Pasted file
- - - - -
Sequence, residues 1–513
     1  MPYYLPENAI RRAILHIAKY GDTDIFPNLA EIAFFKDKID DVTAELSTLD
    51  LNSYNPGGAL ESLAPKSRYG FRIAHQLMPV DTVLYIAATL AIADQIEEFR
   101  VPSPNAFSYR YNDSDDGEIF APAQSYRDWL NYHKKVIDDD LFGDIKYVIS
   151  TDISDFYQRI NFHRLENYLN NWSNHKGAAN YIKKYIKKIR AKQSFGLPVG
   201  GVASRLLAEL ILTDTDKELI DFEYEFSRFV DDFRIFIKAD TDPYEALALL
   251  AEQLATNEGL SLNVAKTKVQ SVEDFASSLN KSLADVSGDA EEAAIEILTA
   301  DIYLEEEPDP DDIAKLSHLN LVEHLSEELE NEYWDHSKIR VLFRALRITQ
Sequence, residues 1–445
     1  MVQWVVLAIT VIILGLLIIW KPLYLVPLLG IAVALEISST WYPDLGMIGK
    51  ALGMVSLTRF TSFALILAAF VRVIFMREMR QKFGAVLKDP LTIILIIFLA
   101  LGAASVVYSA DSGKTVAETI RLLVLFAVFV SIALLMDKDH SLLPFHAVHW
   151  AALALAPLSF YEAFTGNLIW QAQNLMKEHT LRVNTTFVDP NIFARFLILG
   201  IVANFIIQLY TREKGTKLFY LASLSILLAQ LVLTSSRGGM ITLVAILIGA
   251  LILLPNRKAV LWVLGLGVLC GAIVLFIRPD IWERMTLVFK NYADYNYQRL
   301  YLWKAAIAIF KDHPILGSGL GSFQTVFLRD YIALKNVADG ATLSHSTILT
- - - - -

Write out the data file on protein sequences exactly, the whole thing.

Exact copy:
Sequence, residues 1–513
     1  MPYYLPENAI RRAILHIAKY GDTDIFPNLA EIAFFKDKID DVTAELSTLD
    51  LNSYNPGGAL ESLAPKSRYG FRIAHQLMPV DTVLYIAATL AIADQIEEFR
   101  VPSPNAFSYR YNDSDDGEIF APAQSYRDWL NYHKKVIDDD LFGDIKYVIS
   151  TDISDFYQRI NFHRLENYLN NWSNHKGAAN YIKKYIKKIR AKQSFGLPVG
   201  GVASRLLAEL ILTDTDKELI DFEYEFSRFV DDFRIFIKAD TDPYEALALL
   251  AEQLATNEGL SLNVAKTKVQ SVEDFASSLN KSLADVSGDA EEAAIEILTA
   301  DIYLEEEPDP DDIAKLSHLN LVEHLSEELE NEYWDHSKIR VLFRALRITQ
Sequence, residues 1–445
     1  MVQWVVLAIT VIILGLLIIW KPLYLVPLLG IAVALEISST WYPDLGMIGK
    51  ALGMVSLTRF TSFALILAAF VRVIFMREMR QKFGAVLKDP LTIILIIFLA
   101  LGAASVVYSA DSGKTVAETI RLLVLFAVFV SIALLMDKDH SLLPFHAVHW
   151  AALALAPLSF YEAFTGNLIW QAQNLMKEHT LRVNTTFVDP NIFARFLILG
   201  IVANFIIQLY TREKGTKLFY LASLSILLAQ LVLTSSRGGM ITLVAILIGA
   251  LILLPNRKAV LWVLGLGVLC GAIVLFIRPD IWERMTLVFK NYADYNYQRL
   301  YLWKAAIAIF KDHPILGSGL GSFQTVFLRD YIALKNVADG ATLSHSTILT